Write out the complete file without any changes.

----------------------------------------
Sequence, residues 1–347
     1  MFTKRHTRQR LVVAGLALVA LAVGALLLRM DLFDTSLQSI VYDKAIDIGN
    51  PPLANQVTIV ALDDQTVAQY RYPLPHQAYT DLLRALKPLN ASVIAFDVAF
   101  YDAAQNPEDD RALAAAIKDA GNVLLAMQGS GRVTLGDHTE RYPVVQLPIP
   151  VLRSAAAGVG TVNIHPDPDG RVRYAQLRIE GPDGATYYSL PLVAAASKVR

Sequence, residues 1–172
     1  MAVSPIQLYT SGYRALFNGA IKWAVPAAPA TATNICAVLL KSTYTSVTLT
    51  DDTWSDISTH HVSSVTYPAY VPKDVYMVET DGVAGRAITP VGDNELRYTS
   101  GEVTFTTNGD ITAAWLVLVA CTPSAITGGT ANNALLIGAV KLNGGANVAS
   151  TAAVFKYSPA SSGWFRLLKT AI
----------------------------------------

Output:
Sequence, residues 1–347
     1  MFTKRHTRQR LVVAGLALVA LAVGALLLRM DLFDTSLQSI VYDKAIDIGN
    51  PPLANQVTIV ALDDQTVAQY RYPLPHQAYT DLLRALKPLN ASVIAFDVAF
   101  YDAAQNPEDD RALAAAIKDA GNVLLAMQGS GRVTLGDHTE RYPVVQLPIP
   151  VLRSAAAGVG TVNIHPDPDG RVRYAQLRIE GPDGATYYSL PLVAAASKVR

Sequence, residues 1–172
     1  MAVSPIQLYT SGYRALFNGA IKWAVPAAPA TATNICAVLL KSTYTSVTLT
    51  DDTWSDISTH HVSSVTYPAY VPKDVYMVET DGVAGRAITP VGDNELRYTS
   101  GEVTFTTNGD ITAAWLVLVA CTPSAITGGT ANNALLIGAV KLNGGANVAS
   151  TAAVFKYSPA SSGWFRLLKT AI